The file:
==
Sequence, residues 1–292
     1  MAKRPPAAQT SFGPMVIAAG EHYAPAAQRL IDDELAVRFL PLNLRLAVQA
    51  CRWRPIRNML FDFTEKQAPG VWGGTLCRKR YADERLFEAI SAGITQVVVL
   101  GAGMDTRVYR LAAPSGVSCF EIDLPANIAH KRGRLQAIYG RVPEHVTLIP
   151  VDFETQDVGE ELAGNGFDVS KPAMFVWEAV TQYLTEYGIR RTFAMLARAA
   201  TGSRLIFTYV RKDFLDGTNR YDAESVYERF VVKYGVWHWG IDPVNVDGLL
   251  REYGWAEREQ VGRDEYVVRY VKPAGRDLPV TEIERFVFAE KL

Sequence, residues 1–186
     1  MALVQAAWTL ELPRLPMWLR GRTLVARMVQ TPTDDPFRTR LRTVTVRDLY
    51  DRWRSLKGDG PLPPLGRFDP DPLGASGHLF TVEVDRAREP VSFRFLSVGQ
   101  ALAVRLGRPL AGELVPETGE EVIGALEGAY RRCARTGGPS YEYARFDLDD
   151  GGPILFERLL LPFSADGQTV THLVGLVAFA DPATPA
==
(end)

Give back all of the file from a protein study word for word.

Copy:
Sequence, residues 1–292
     1  MAKRPPAAQT SFGPMVIAAG EHYAPAAQRL IDDELAVRFL PLNLRLAVQA
    51  CRWRPIRNML FDFTEKQAPG VWGGTLCRKR YADERLFEAI SAGITQVVVL
   101  GAGMDTRVYR LAAPSGVSCF EIDLPANIAH KRGRLQAIYG RVPEHVTLIP
   151  VDFETQDVGE ELAGNGFDVS KPAMFVWEAV TQYLTEYGIR RTFAMLARAA
   201  TGSRLIFTYV RKDFLDGTNR YDAESVYERF VVKYGVWHWG IDPVNVDGLL
   251  REYGWAEREQ VGRDEYVVRY VKPAGRDLPV TEIERFVFAE KL

Sequence, residues 1–186
     1  MALVQAAWTL ELPRLPMWLR GRTLVARMVQ TPTDDPFRTR LRTVTVRDLY
    51  DRWRSLKGDG PLPPLGRFDP DPLGASGHLF TVEVDRAREP VSFRFLSVGQ
   101  ALAVRLGRPL AGELVPETGE EVIGALEGAY RRCARTGGPS YEYARFDLDD
   151  GGPILFERLL LPFSADGQTV THLVGLVAFA DPATPA